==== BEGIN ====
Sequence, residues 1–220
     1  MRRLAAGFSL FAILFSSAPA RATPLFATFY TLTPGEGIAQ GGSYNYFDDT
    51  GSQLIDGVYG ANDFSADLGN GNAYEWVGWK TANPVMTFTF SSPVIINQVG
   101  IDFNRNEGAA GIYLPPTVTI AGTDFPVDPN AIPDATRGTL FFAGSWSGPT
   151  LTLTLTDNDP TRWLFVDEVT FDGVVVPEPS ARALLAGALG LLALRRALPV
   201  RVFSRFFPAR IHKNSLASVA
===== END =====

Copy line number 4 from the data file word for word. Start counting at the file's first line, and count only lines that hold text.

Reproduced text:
   101  IDFNRNEGAA GIYLPPTVTI AGTDFPVDPN AIPDATRGTL FFAGSWSGPT